Security Firm Strikes Back At Cenzic Patent Lawsuit Threat

NT Objectives files suit challenging claims it infringed on Cenzic's patent for "fault injection methods," security experts gathering proof of prior art

Cenzic is back on the legal warpath with another patent infringement lawsuit filed against a security company over Cenzic's patented "fault injection methods" technology. But this time the target of the lawsuit is challenging the validity of the patent.

NT Objectives, a small Web application scanning vendor, on Feb. 14 filed a lawsuit in the U.S. District Court in the Central District of California for a declaratory judgment of noninfringement, calling the patent invalid and unenforceable after Cenzic threatened litigation. Cenzic claims its patent, awarded in 2007, gives it exclusive rights to use the technology, and that after making "good faith attempts to resolve issues amicably" with NT Objectives, it decided to file a lawsuit late last week.

This isn't the first time Cenzic has sued a security firm over the use of this Web application vulnerability scanning technology: In August 2007, Cenzic filed a patent infringement suit against SPI Dyamics, which HP was in the process of acquiring. The suit put Web application security vendors and penetration testers on alert, and several hackers associated with the site demonstrated their displeasure with the patent at the time by exposing cross-site scripting flaws in Cenzic's website. HP later settled with Cenzic by signing a cross-licensing agreement. IBM also signed such an agreement nearly two years later with Cenzic.

At the heart of the Cenzic patent dispute is the so-called "prior art": Security experts argue that there are already some fault-injection tools that were released in the 2000-2001 time frame, well before Cenzic first filed for its patent, which would basically render the so-called Patent 232 moot. And critics say the patent is far too broad, covering the day-to-day tasks of most security scanners, penetration testing tools, and even that of the penetration testers themselves.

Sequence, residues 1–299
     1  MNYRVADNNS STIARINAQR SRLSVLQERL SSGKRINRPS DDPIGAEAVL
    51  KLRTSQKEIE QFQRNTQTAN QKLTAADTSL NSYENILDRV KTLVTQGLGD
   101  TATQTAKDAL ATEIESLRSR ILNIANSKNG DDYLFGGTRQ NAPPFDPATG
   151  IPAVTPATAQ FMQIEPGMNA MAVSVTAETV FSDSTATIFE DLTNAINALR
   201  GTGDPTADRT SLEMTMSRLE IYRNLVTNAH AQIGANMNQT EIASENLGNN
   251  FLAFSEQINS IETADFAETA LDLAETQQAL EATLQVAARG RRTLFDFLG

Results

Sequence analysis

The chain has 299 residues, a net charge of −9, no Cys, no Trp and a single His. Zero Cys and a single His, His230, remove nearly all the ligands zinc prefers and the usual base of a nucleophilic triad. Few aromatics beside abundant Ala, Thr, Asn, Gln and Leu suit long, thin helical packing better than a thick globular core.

Neither Cenzic nor NT Objectives would comment on the cases, but some security researchers have begun rallying behind NT Objectives. A site called Stop Cenzic 232 Patent has been launched, and its author is calling for a Month of Prior Art on the technology at issue in the patent that will begin on April 1.

"Now this patent is of no concern if they used the patent 'defensively,' but Cenzic has chosen to go around chasing companies that create Web scanners for licensing money using this broad and unfortunately granted patent," blogged Enrique Sanchez Montellano.

Mantellano lists several products that could also be subject to Cenzic's patent claims because they employ the same method of injection, including Rapid7 Nexpose, Nessus, eEye Retia, McAfee Foundscan, nCircle Suite360, Qualys, Metasploit, Core Impact, and Burp Proxy.

According to a penetration tester familiar with the case and who requested anonymity, the way the patent is written, it could even apply to SQL injection and cross-site scripting attacks or pen tests. It could apply to any products that execute these techniques for bypassing normal security routines. "Even when I do this manually -- it would apply. So as a pen tester, I couldn't do that" according to the lawsuit, the source says.

Alan Shimel, CEO of The CISO Group, says he has heard from sources that Cenzic is "looking for seven figures" from NT Objectives.

"Initially, it looked like Cenzic was using the patent defensively. But now they are using it offensively," Shimel says. "This is just a lousy patent. There's a lot of prior art that should have been looked at before it was granted."

Meanwhile, among the Cenzic employees named in the patent when it was filed in 2002 include Greg Hoglund, founder and CEO of HBGary, whose company was targeted by the Anonymous hacking group.

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About the Author(s)

Kelly Jackson Higgins, Editor-in-Chief, Dark Reading

Kelly Jackson Higgins is the Editor-in-Chief of Dark Reading. She is an award-winning veteran technology and business journalist with more than two decades of experience in reporting and editing for various publications, including Network Computing, Secure Enterprise Magazine, Virginia Business magazine, and other major media properties. Jackson Higgins was recently selected as one of the Top 10 Cybersecurity Journalists in the US, and named as one of Folio's 2019 Top Women in Media. She began her career as a sports writer in the Washington, DC metropolitan area, and earned her BA at William & Mary. Follow her on Twitter @kjhiggins.

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